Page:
Education regarding proper nutrition is particularly important in COVID-19 as studies from Western countries are showing that obesity to be a significant risk factor for severity of disease with at least ⅔ of ICU patients having overweight BMI.23 In obesity, lung function is also impaired.24

Routine monitoring with chest x-ray and PFT may be considered in the outpatient setting particularly within 6 months of infection and for severe and critical patients. Pulmonary fibrosis may occur in as many as 45% (diagnosed by xray and CT scan) 1 month after infection, 30-36% 3-6 months after infection,25 28% 1 year after infection.25 After SARS-CoV infection, severity of fibrosis and disability correlated with the severity and duration of illness.26,27 Improvement in lung function in SARS-CoV patients plateaued at 6 months with continued disability particularly in DLCO 2 years after infection.28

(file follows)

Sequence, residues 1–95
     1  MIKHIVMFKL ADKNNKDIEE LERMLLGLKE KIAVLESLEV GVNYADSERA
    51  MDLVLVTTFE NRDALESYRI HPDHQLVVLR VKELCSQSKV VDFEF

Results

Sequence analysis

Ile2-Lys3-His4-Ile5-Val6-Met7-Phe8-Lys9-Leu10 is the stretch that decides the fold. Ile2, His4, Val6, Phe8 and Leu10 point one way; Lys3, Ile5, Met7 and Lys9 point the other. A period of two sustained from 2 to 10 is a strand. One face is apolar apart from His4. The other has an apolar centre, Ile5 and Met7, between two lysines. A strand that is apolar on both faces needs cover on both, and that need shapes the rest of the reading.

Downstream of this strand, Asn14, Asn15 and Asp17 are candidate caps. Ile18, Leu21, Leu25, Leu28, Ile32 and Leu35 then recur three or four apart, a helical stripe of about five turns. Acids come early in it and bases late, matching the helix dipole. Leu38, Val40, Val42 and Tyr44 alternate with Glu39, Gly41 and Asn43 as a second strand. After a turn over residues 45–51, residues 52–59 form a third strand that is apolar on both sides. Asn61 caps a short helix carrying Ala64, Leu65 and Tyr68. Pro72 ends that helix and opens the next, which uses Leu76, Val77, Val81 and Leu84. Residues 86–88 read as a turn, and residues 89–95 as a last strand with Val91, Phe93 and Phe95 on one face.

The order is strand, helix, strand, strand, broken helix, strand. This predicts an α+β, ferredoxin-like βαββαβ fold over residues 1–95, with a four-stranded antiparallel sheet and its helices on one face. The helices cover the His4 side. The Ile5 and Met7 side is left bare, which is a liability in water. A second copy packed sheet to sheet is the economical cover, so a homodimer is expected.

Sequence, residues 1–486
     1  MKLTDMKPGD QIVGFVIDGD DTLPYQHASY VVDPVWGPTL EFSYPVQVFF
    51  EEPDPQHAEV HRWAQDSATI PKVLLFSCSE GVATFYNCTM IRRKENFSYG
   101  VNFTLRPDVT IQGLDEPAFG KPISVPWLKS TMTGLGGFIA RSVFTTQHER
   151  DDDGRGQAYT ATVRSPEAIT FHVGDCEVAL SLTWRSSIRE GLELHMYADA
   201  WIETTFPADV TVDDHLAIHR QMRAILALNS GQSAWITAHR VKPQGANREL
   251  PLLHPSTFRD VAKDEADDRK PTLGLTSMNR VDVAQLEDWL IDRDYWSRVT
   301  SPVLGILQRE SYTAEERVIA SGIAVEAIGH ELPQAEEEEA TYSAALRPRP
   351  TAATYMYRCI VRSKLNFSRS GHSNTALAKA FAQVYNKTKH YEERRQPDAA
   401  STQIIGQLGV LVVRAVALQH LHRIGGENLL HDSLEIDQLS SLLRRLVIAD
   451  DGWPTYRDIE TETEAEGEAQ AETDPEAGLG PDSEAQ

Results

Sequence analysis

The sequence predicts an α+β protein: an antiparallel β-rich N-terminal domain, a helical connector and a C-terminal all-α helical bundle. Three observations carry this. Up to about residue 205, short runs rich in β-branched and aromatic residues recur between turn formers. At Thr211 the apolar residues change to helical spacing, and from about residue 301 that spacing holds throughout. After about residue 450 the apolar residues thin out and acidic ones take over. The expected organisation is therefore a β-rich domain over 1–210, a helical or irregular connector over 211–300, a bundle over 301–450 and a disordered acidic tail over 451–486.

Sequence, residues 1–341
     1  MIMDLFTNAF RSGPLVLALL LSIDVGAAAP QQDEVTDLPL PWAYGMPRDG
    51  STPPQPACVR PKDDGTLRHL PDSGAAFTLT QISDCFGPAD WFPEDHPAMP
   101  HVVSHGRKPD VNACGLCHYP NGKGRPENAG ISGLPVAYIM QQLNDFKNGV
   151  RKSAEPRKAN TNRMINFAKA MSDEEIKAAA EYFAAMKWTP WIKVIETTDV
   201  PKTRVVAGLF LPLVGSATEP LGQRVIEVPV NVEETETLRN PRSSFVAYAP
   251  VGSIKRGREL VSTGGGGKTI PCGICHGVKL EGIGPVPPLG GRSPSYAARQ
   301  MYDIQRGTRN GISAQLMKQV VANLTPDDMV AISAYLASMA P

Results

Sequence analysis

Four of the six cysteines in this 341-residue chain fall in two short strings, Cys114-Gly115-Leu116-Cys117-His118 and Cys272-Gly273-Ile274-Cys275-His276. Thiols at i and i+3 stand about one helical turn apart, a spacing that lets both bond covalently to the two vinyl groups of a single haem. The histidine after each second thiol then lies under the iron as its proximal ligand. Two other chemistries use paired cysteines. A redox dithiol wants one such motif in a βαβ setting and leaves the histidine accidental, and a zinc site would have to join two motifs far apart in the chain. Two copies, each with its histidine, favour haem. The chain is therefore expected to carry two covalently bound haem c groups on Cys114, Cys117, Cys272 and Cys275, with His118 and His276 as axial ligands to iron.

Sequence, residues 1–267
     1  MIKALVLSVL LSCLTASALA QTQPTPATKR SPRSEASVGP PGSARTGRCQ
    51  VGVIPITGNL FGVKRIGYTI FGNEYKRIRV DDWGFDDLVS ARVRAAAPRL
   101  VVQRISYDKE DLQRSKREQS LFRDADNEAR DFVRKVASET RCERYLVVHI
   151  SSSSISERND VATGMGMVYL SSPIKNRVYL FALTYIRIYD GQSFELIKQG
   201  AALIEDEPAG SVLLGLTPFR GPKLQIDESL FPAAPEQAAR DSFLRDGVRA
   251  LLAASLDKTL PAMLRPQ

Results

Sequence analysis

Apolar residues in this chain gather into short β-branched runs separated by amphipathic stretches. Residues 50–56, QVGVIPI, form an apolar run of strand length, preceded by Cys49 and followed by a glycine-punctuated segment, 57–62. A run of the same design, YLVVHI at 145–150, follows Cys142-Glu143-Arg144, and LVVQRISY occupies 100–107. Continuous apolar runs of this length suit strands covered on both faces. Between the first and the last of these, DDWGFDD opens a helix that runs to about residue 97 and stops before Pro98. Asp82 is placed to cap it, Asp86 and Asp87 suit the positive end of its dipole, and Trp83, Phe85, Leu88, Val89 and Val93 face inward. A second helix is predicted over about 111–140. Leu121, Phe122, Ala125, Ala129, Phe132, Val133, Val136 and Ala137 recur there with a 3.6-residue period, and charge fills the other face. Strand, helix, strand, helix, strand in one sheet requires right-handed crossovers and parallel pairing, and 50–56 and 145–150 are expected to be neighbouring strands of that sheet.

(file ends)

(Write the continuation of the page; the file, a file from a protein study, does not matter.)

Table 1: Proposed Content for Mild Disease 

Patient Education

  • Educate patient about individual statistics based on comorbidities and clinical course of the disease. 
  • Encourage good lifestyle habits like adequate sleep, hydration, proper nutrition, etc.

Physical Activity Recommendations

  • Exercise intensity: Borg dyspnea score ≤ 3 
  • Exercise frequency: 1-2 times per day, 3-4 times a week
  • Exercise duration: 10-15 minutes for first 3-4 sessions and incrementally increase. 15-45 min each session
  • Exercise type: walking, biking
  • Progression: Incrementally increase work load/effort every 2-3 sessions to target Borg score 4-6 and target total duration to 30-45 minutes

Psychological intervention

  • Counsel about social support
  • Provide resources including professional psychiatric professionals

Airway clearing

  • Expectorant hygiene into closed container to prevent aerosolization of sputum
  • Huff Cough

Breathing Exercises

  • Techniques: Diaphragmatic breathing, Pursed lip breathing, Active abdominal contraction, Yoga, pranayama, Tai Chi, singing